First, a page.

Passion by Stephen Sondheim


Whistle Down The Wind – Union Theatre, London – 2019-20

Flat Out, Upstairs at the Gatehouse, London. 2019

Nice Work If You Can Get It – Upstairs at the Gatehouse, London. 2018-19




Barber Sweeney Todd returns to London after 15 years of exile, in order to take revenge on the corrupt  judge who banished him from the city. He conspires with Mrs Lovett, a local baker, who is in desperate need of fresh meat for her pies.

The production team at 88 London Road is thrilled to be bringing this iconic Sondheim musical to Brighton. We hope you like your meat pies bloody.


‘At one point, Todd and Turpin sing a duet, when the barber has the judge in his chair, and I was still humming ‘Pretty Women’ to myself for most of the next day – I’m humming it again as I write this.’

For me, the story revolves around three different types of morality.

Sweeny Todd is a very moral person; but as we’ve seen, he’s been driven to the end of his tether, and now he despises humanity in general.

Mrs Lovett, by contrast, is a totally amoral person. She really has no conscience at all

Judge Turpin is a completely immoral person. He’s quite prepared to destroy a man’s family to satisfy his lust, and now he’s obsessed by Johannah, who’s by this time a young woman. But he’s not simply a caricature evil villain – the flagellation scene gives him depth as a character; shows that he recognises that his passions are wrong, and he’s trying to punish himself for succumbing to them.

Interestingly, this scene is often cut from productions of ‘Sweeney Todd’ – it was considered too strong for American audiences in the original Broadway show – but Conor Baum has wisely included it here. It’s immensely powerful – Stuart Simons is a strongly built actor; majestic, his imperious face bearded and his eyebrows arched, and with sleek greying hair above a high forehead. Stripped to the waist, on his knees, he’s watching Johannah through a keyhole

“The light behind your window
It penetrates your gown
Johannah Johannah
I see the sun through your …
Deliver me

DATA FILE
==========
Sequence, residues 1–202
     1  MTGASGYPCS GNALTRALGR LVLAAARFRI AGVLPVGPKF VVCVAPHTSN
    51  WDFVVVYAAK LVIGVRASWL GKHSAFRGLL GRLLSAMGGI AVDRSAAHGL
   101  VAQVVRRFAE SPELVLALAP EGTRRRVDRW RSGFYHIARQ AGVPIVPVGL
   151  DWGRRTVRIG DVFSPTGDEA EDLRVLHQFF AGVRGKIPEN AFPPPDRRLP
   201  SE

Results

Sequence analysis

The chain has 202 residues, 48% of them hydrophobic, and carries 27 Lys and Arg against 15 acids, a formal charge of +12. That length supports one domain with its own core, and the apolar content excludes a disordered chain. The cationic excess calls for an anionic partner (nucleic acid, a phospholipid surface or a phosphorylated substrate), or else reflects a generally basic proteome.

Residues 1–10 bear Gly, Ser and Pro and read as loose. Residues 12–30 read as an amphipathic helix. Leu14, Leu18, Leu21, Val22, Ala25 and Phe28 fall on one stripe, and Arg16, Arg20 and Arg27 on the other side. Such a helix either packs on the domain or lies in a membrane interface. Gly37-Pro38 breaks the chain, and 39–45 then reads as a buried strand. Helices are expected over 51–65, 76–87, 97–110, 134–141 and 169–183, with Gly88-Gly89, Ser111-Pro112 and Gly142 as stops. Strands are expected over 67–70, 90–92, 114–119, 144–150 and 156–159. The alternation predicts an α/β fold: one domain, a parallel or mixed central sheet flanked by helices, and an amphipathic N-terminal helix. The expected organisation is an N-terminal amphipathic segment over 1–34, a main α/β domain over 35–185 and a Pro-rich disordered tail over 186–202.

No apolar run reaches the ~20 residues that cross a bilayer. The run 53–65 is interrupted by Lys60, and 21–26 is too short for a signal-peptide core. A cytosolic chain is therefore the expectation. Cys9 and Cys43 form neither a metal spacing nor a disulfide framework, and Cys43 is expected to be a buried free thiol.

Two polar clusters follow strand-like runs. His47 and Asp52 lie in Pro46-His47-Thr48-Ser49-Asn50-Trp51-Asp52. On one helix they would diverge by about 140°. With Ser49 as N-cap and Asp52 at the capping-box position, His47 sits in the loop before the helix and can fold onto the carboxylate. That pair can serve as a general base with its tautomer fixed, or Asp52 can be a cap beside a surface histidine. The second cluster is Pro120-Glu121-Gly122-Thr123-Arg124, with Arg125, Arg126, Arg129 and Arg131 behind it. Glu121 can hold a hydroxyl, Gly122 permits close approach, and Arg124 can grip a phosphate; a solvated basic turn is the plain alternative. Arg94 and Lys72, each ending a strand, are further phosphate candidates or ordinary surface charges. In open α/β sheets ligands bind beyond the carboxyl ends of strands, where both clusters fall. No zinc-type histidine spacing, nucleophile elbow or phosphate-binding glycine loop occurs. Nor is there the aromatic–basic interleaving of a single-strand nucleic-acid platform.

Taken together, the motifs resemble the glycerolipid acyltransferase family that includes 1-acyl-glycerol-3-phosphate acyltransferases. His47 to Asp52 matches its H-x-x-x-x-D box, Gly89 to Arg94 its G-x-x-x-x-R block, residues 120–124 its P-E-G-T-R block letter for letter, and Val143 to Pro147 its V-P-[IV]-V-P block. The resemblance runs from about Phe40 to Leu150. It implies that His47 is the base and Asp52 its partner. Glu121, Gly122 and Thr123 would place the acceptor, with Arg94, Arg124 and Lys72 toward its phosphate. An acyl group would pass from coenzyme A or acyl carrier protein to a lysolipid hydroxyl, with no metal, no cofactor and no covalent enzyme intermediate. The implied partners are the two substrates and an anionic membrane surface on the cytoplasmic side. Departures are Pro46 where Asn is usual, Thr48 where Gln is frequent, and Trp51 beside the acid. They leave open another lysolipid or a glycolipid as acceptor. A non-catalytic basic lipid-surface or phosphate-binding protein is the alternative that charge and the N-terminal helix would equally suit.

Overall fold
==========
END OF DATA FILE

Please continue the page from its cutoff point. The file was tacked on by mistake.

Slashing himself over and over across the bare back with a cat o’ nine tails.  There’s the possibility, of course, that the self-administered whipping actually adds to the excitement of ogling Johannah’s body. – Fringe Review





Scraping by on seven quid a week with her husband and three kids in a tiny terraced house in Castleford, Yorkshire, Viv Nicholson’s life was as near rock bottom as it could get. Until that day in 1961 when Viv borrowed 5 from her Mam to play the Pools and she was catapulted from obscurity to fame with the biggest win ever – £152,319 (£5 million today). And that was it, Viv and Keith’s lives changed overnight and Viv declared to the world she was going to spend, spend, spend. ‘Booze, big cars, big spending, big headlines’ and a succession of husbands soon led to bankruptcy. From rags to riches and back to rags again, a gritty and poignant musical about the extraordinary story of a brash and naïve, northern lass.


‘Durham is blessed with an exciting ensemble of performers able to deliver the goods’ – Musical Theatre Review

‘the rest of the large multi-talented cast moved about the stage beautifully – thanks to excellent direction by Christian Durham and choreography by Heather Douglas – changing character at the drop of a hat – or the donning of a tabard – to animate the various people moving in and out of Viv and Keith’s lives’.






The Merry Widow in a nutshell. … Hanna Glawari is a vastly wealthy young widow from the small and poverty-stricken Balkan province of Pontevedro. Ambassador Baron Zeta is anxious that when Hanna re-marries, it is to a Pontevedrian and not a Frenchman, to keep her money in the country and save them all from ruin